Friday, May 20, 2011

Job Skills, Jobs Lost

This is slightly off-topic in terms of being animation specific, but completely on-topic in terms of speaking about how jobs not attached to a graduate degree are now thought of in the U.S. of A.

When I broke into animation, the "skilled industry veterans" were people highly qualified at the craft. But funny thing. They were men (and sometimes women) who had been working in the business since high school ... or their initial two years of art school. There were not many people running around with Masters or PhDs. They just knew how to draw ... how to paint ... how to design and animate and create their movie art like wizards.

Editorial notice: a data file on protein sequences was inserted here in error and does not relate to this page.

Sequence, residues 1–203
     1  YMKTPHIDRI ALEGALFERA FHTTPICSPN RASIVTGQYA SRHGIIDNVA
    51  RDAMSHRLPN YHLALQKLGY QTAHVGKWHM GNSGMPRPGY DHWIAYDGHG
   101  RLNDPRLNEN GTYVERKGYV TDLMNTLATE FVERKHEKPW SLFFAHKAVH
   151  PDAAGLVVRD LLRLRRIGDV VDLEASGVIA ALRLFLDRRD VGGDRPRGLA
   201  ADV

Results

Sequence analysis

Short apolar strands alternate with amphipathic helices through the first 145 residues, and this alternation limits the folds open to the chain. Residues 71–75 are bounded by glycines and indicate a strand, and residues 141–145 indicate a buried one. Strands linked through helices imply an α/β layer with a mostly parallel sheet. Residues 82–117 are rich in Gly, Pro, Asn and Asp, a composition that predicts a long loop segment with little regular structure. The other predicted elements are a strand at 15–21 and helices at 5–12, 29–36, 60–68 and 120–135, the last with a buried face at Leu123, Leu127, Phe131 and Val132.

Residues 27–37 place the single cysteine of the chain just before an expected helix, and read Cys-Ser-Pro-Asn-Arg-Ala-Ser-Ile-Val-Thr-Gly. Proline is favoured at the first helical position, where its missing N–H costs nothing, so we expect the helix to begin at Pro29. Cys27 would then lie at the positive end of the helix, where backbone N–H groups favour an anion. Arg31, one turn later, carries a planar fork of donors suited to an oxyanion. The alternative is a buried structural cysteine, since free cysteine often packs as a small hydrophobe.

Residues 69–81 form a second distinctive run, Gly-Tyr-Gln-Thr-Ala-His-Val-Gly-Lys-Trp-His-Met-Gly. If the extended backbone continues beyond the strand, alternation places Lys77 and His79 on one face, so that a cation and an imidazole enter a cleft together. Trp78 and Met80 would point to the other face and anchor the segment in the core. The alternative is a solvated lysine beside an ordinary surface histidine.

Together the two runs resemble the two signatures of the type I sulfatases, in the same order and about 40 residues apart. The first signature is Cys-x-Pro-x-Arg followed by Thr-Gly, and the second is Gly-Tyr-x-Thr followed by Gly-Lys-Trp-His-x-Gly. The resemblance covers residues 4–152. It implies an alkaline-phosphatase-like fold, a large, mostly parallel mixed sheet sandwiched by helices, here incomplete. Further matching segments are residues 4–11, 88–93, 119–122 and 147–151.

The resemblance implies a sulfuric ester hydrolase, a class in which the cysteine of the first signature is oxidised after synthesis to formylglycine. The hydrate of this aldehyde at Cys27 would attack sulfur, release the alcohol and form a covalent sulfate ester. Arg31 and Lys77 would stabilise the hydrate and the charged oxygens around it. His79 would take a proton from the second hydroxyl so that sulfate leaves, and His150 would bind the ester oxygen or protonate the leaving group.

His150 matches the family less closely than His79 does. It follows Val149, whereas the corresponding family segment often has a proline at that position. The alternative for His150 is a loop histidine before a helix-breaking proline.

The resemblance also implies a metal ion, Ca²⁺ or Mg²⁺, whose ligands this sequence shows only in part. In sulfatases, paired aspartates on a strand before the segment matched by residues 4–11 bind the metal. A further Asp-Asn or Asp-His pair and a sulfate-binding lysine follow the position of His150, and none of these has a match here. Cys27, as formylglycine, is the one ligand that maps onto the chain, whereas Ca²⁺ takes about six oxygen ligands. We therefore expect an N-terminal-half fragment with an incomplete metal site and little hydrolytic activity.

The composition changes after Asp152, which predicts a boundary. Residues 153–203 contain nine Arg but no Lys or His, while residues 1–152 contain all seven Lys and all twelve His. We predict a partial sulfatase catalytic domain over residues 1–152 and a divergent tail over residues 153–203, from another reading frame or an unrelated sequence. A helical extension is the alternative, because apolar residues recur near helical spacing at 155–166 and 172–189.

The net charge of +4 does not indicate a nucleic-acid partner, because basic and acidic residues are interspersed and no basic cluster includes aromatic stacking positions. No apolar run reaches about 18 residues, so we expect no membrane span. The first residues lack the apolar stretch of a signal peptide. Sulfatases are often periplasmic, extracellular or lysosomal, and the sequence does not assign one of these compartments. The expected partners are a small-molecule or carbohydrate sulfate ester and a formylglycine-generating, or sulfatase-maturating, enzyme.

Anonymous said...

Very poignant, but the GOP likes things this way. Here comes more cheap, immigrant labor...that the GOP can persecute later.

Anonymous said...

This is sadly so true. Here in Los Angeles, it is hard to find skilled tradespeople under 40 who weren't born south of the border. When I was looking for skilled contractors for some work on my home, they were either from Central America or former Eastern Block countries.

I guess I'm turning into an old fogey, but when I was a kid, people talked constantly about having a viable trade and skill set. And there was an acknowledgement that you had to work your way up to get that. We can complain that our schools don't support or teach trades any more, but it's not the school's fault. It's the fault of a society that stopped valuing and emphasizing the idea that having a working trade is the backbone of much of the middle class.

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